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Ettlingen, Germany

Kuznetsov M.,Karlsruhe Institute of Technology | Friedrich A.,Pro Science | Stern G.,Pro Science | Kotchourko N.,Pro Science | And 2 more authors.
Journal of Loss Prevention in the Process Industries

A series of medium-scale experiments on vented hydrogen deflagration was carried out at the KIT test side in a chamber of 1×1×1m3 size with different vent areas. The experimental program was divided in three series: (1) uniform hydrogen-air mixtures; (2) stratified hydrogen-air mixtures within the enclosure; (3) a layer deflagration of uniform mixture. Different uniform hydrogen-air mixtures from 7 to 18% hydrogen were tested with variable vent areas 0.01-1.0m2. One test was done for rich mixture with 50% H2. To vary a gradient of concentration, all the experiments with a stratified hydrogen-air mixtures had about 4%H2 at the bottom and 10 to 25% H2 at the top of the enclosure. Measurement system consisted of a set of pressure sensors and thermocouples inside and outside the enclosure. Four cameras combined with a schlieren system (BOS) for visual observation of combustion process through transparent sidewalls were used. Four experiments were selected as benchmark experiments to compare them with four times larger scale FM Global tests (Bauwens et al., 2011) and to provide experimental data for further CFD modelling. The nature of external explosion leading to the multiple pressure peak structure was investigated in details. Current work addresses knowledge gaps regarding indoor hydrogen accumulations and vented deflagrations. The experiments carried out within this work attend to contribute the data for improved criteria for hydrogen-air mixture and enclosure parameters to avoid unacceptable explosion overpressure. Based on theoretical analysis and current experimental data a further vent sizing technology for hydrogen deflagrations in confined spaces should be developed, taking into account the peculiarities of hydrogen-air mixture deflagrations in presence of obstacles, concentration gradients of hydrogen-air mixtures, dimensions of a layer of flammable cloud, vent inertia, etc. © 2015 Elsevier Ltd. Source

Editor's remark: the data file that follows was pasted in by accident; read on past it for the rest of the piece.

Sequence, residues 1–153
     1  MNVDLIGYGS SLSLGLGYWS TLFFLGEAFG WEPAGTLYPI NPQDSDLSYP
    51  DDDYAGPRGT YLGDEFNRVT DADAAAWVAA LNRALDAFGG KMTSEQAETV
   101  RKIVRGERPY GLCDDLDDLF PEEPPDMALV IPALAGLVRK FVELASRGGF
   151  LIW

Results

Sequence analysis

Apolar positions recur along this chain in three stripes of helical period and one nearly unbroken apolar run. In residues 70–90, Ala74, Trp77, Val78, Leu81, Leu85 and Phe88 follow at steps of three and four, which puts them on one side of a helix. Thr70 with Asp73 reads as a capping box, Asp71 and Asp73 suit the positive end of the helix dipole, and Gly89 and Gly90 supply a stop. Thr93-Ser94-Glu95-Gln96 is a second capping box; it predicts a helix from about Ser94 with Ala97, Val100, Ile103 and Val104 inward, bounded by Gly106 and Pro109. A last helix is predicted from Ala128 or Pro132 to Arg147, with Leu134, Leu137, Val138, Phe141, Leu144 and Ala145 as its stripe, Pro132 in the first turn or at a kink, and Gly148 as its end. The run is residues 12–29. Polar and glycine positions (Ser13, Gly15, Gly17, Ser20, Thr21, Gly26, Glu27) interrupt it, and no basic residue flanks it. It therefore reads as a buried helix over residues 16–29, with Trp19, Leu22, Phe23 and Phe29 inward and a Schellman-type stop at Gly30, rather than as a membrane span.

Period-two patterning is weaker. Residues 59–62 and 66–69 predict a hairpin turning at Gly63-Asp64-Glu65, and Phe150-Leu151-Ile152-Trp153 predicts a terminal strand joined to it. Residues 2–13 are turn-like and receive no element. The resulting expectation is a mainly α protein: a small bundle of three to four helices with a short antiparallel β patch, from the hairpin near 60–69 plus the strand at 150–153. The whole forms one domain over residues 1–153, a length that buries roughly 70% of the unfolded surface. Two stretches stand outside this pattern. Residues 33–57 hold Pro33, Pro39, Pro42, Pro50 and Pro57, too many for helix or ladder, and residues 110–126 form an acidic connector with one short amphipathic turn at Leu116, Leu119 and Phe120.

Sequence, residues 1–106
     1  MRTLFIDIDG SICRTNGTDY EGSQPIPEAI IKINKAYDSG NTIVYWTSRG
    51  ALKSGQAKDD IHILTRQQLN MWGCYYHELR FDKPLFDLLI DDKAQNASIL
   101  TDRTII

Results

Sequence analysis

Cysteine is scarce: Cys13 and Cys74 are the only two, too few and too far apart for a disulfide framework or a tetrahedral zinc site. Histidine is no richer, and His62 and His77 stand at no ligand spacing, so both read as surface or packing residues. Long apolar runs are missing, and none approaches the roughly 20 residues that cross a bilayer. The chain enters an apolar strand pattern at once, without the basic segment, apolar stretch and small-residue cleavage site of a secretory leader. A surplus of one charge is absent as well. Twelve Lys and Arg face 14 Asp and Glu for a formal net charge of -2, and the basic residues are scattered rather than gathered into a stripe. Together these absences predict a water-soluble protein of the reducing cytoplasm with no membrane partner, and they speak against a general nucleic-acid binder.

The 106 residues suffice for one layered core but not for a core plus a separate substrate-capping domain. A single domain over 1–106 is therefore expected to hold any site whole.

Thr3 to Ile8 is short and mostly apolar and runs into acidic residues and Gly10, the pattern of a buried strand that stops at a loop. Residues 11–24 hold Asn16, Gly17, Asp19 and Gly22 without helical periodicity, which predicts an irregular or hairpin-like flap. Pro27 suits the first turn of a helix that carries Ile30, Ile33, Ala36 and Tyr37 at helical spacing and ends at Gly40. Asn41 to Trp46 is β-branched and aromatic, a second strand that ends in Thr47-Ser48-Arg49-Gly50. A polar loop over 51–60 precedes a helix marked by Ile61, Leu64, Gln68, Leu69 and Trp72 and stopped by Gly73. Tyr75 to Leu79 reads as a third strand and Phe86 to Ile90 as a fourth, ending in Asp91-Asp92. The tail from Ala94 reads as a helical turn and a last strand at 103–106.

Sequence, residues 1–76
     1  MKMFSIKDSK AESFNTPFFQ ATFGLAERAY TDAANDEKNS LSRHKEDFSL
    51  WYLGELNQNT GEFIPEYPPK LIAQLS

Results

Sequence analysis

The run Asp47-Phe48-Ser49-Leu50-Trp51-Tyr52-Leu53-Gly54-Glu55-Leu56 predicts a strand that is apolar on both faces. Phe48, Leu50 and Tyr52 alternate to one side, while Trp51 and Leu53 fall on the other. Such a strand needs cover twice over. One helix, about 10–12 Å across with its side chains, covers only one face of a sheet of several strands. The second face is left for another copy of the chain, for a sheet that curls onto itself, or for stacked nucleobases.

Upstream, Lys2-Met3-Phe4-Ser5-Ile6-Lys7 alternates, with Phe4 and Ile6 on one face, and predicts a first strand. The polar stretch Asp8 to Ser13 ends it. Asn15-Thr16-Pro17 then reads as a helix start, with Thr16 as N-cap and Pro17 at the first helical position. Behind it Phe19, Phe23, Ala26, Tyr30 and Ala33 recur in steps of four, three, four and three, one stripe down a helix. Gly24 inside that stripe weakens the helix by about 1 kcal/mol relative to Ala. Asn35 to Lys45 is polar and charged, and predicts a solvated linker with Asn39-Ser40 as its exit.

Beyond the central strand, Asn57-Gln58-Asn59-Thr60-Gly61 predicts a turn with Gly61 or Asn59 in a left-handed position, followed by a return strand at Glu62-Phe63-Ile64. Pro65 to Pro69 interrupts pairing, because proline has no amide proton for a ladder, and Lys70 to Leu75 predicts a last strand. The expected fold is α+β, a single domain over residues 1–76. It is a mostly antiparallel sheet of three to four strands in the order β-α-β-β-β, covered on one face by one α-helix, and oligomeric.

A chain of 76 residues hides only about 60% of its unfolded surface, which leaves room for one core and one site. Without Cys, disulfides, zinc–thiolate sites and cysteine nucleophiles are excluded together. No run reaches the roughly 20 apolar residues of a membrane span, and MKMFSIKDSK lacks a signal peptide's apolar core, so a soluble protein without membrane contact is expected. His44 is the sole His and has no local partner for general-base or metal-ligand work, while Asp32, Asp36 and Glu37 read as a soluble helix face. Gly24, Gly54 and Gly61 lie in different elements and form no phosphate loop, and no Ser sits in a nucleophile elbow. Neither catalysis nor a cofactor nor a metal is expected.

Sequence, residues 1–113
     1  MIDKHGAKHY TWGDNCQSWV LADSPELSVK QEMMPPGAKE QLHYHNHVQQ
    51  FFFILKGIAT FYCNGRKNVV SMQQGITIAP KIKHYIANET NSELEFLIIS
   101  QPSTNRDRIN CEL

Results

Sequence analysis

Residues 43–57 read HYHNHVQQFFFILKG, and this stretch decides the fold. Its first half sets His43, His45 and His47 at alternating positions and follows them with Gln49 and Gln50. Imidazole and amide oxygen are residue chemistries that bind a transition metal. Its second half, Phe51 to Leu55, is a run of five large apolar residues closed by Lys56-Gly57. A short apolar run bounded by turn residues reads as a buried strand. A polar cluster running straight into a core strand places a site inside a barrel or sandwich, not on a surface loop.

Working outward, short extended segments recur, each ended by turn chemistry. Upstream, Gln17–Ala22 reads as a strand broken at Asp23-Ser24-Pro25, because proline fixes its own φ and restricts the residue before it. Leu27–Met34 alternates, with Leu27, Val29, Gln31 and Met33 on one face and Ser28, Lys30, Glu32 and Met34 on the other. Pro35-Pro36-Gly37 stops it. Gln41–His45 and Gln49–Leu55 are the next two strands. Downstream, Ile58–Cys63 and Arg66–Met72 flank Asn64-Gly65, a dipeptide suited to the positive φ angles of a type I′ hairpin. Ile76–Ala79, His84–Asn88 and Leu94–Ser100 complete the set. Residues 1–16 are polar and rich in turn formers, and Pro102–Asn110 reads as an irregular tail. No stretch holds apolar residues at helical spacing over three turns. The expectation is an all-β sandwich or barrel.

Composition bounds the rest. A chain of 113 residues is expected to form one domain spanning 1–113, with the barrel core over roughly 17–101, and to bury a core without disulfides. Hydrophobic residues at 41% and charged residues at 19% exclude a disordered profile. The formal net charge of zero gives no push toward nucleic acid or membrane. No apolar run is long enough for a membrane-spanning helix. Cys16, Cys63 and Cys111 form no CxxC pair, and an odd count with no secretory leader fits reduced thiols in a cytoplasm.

Kuznetsov M.,Karlsruhe Institute of Technology | Redlinger R.,Karlsruhe Institute of Technology | Breitung W.,Karlsruhe Institute of Technology | Grune J.,Pro Science | And 2 more authors.
Proceedings of the Combustion Institute

Effects of elevated temperatures (up to 573 K) and pressures (up to 72 bar) on the laminar flame velocity of hydrogen-oxygen-steam mixtures were studied both experimentally and computationally. Stoichiometric hydrogen-oxygen mixtures diluted with steam up to 85% (mol.) have been tested in a spherical explosion chamber with an inner diameter of 25 cm using the pressure method and high speed shadow cinematography. The experimental data on the laminar burning velocity were compared with numerical calculations that used different H/O reaction mechanisms based on the Lutz, GRI-Mech 3.0, Li and Warnatz schemes. The calculations were performed with three codes: INSFLA, Cantera (for unstretched planar flames) and our own FP-code (based on the PREMIX code). Nonmonotonic pressure dependence and strong suppressing effect of steam dilution on laminar flame velocity was found both experimentally and numerically. The best consistency with the experimental measurements of the laminar flame velocity at elevated pressures and temperatures in presence of high steam concentrations was found for the Lutz H/O mechanism. © 2010 Published by Elsevier Inc. on behalf of The Combustion Institute. All rights reserved. Source

Veser A.,Pro Science | Kuznetsov M.,Karlsruhe Institute of Technology | Fast G.,Karlsruhe Institute of Technology | Friedrich A.,Pro Science | And 4 more authors.
International Journal of Hydrogen Energy

Experiments on flame propagation regimes in a turbulent hydrogen jet with velocity and hydrogen concentration gradients have been performed. Horizontal stationary hydrogen jets released at normal and cryogenic temperatures of 290, 80 and 35 K with different nozzle diameters and mass flow rates have been investigated. Sampling probe method and laser PIV techniques have been used to evaluate the distribution of hydrogen concentration and flow velocity. High-speed photography combined with a Background Oriented Schlieren (BOS) system was used for the visual observation of the turbulent flame propagation. In order to investigate different flame propagation regimes the ignition position was changed along the jet axis. It was found that the flame propagates in both directions, up- and downstream of the jet flow if hydrogen concentration is >11%, whereas in case [H2] < 11%, the flame propagates only downstream. This means that at normal temperature the flame is able to accelerate effectively only if the expansion ratio σ of the H 2-air mixture is higher than a critical value σ (*) = 3.75 defined for a closed geometry. © 2010 Professor T. Nejat Veziroglu. Published by Elsevier Ltd. All rights reserved. Source

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